Looking for some great reading material and ideas for gift-giving this holiday? Take a look at some of the best digital material the National Geographic Society published this year!
The Society would not be able to exist without the generous donations and support from readers like you, which is why our new donation pages are a BIG deal. In a Society-wide collaboration effort, we were able to create about a dozen elegant, clean, and easy-to-navigate pages—featuring some of our beautiful full-width photos.
The Mars Globe is an out-of-this-world online interactive where students explore the planet and investigate geology or exobiology questions. This tool asks students to do their own research and support their reasoning with evidence.
Remarkable, Rare Photographic Moments With Amazing Ocean Animals
This monstrously popular Ocean Views post featured excellent use of imagery to convey the wonders of the ocean—tied to a strong message of wonder, appreciation, and conservation!
We facilitated the establishment of a digital foundation for the nonprofit work of National Geographic Society: NationalGeographic.org!
Out of Eden Walk
Our new interactive website for Paul Salopek’s Out Of Eden Walk is fantastic. We love beginning the experience with ambient video.
This blog post celebrates the 131 BioBlitzes the National Park Service hosted across the country this year, with support from National Geographic. These events celebrated the NPS Centennial, gave people great opportunities to learn in the national parks, and helped park staff better understand the biodiversity within their borders. Update: as of Dec 9, 137,556 iNaturalist observations have been made in NPS properties in 2016!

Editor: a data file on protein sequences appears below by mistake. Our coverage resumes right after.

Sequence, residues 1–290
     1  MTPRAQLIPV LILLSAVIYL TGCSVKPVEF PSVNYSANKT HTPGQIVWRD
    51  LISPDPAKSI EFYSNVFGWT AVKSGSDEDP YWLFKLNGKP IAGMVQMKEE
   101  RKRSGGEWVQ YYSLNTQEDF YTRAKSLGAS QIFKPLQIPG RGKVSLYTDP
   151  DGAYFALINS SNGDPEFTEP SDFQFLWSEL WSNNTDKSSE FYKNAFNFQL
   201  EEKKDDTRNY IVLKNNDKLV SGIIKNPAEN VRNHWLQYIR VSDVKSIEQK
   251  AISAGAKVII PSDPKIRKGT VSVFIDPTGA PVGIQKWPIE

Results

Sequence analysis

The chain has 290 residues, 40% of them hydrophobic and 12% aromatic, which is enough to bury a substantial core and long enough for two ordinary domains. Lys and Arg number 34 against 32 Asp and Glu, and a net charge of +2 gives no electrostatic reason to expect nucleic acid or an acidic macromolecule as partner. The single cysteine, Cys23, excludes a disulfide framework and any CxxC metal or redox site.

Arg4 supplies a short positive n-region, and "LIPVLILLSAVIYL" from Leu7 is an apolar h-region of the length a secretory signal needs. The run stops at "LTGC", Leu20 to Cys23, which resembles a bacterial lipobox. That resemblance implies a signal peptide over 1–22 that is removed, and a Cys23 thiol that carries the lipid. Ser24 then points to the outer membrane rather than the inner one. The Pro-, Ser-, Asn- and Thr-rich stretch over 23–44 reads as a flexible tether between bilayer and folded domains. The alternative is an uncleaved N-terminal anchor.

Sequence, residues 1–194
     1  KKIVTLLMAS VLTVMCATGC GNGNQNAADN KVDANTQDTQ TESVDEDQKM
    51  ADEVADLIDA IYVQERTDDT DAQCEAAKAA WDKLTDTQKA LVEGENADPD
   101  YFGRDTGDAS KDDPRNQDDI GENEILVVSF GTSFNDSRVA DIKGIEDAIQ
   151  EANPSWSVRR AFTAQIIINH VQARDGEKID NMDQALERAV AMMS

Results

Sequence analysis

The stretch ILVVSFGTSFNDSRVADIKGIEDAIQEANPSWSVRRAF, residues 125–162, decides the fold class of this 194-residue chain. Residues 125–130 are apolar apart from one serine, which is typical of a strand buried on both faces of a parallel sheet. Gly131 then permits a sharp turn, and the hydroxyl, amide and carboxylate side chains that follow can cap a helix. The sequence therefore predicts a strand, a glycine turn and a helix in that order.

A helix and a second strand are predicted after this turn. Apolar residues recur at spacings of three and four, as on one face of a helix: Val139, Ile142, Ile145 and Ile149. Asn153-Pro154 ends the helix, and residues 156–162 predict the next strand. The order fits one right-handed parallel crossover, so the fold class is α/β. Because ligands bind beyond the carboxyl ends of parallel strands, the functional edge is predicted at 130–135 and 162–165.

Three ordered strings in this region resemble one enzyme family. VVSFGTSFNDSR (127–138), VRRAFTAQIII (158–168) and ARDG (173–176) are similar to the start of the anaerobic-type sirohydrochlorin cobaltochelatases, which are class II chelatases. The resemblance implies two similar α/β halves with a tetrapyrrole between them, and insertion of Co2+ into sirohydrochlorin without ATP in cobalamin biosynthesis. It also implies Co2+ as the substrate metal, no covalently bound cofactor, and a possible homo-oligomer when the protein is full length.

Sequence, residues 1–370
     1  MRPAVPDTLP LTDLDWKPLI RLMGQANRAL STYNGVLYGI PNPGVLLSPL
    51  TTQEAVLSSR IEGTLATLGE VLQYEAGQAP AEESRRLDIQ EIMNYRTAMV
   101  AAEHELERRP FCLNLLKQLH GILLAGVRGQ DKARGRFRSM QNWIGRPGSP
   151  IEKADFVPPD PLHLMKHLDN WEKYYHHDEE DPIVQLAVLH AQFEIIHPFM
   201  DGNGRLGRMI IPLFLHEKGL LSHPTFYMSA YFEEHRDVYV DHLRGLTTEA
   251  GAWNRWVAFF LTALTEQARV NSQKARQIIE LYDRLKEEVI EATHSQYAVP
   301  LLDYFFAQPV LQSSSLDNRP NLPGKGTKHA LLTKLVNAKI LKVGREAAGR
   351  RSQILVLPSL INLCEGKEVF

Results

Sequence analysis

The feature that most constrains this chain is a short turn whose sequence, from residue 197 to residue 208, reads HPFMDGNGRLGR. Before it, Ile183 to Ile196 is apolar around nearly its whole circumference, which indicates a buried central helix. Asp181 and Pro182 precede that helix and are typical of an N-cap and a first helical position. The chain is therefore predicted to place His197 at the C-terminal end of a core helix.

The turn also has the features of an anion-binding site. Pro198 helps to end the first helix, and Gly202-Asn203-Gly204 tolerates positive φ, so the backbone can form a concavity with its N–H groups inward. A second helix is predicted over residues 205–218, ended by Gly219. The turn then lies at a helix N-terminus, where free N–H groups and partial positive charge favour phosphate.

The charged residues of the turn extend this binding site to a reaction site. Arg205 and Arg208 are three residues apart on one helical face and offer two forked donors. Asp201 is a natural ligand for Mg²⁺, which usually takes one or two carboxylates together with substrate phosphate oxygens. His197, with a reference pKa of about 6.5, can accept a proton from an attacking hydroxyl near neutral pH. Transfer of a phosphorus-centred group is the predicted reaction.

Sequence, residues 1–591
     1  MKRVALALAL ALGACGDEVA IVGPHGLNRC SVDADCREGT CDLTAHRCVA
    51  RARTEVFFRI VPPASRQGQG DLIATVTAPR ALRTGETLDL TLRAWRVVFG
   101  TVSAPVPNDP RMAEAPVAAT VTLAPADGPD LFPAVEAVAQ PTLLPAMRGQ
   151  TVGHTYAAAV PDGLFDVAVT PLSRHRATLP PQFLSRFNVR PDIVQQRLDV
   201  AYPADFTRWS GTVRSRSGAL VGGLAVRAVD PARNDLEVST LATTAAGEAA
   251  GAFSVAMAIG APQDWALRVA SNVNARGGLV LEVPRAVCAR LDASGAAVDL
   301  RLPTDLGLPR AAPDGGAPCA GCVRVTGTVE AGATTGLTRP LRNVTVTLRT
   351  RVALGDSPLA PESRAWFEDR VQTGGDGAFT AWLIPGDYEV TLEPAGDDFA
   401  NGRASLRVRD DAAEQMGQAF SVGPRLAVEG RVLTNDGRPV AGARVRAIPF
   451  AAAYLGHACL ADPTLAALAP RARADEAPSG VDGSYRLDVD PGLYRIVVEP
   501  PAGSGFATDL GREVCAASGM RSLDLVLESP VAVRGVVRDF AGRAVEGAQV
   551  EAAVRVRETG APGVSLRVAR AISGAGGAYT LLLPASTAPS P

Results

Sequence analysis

The Photo Ark is an ambitious project committed to documenting every species in captivity—inspiring people not just to care, but also to help protect these animals for future generations. The project has funded on-the-ground conservation projects focused on animals in most critical need of protection, and support for Photo Ark brings awareness to endangered species worldwide. In the next year, the program will fund even more conservation programs.
This Week in Geographic History
We started writing the “This Week in Geographic History” in direct response to teachers asking for ways to plan in advance. Each week, this post gives teachers a round-up of events from our “This Day in Geographic History” series. Each event is matched with a map or visual, background information and an activity. It meets teachers’ needs and provides a consistent way to resurface and promote our amazing content.
Using the terrific TimelineJS tool from the Knight Lab, we created three easy-to-navigate timelines: A History of Slavery in the U.S., WWII in Europe, and WWII in the Pacific. These timelines provide images, video, short text, and a browsable calendar component that allows readers to put historic events in context. They’re great teaching and learning tools, especially for introducing these powerful subjects.
We’re excited about the launch and quick expansion of the Explorer Classroom hangout series, which connects explorers with classrooms around the world. We’re thrilled to be supporting our teacher host Joe Grabowski on this project, and it’s such a blast seeing curious kids ask Nat Geo explorers thoughtful questions.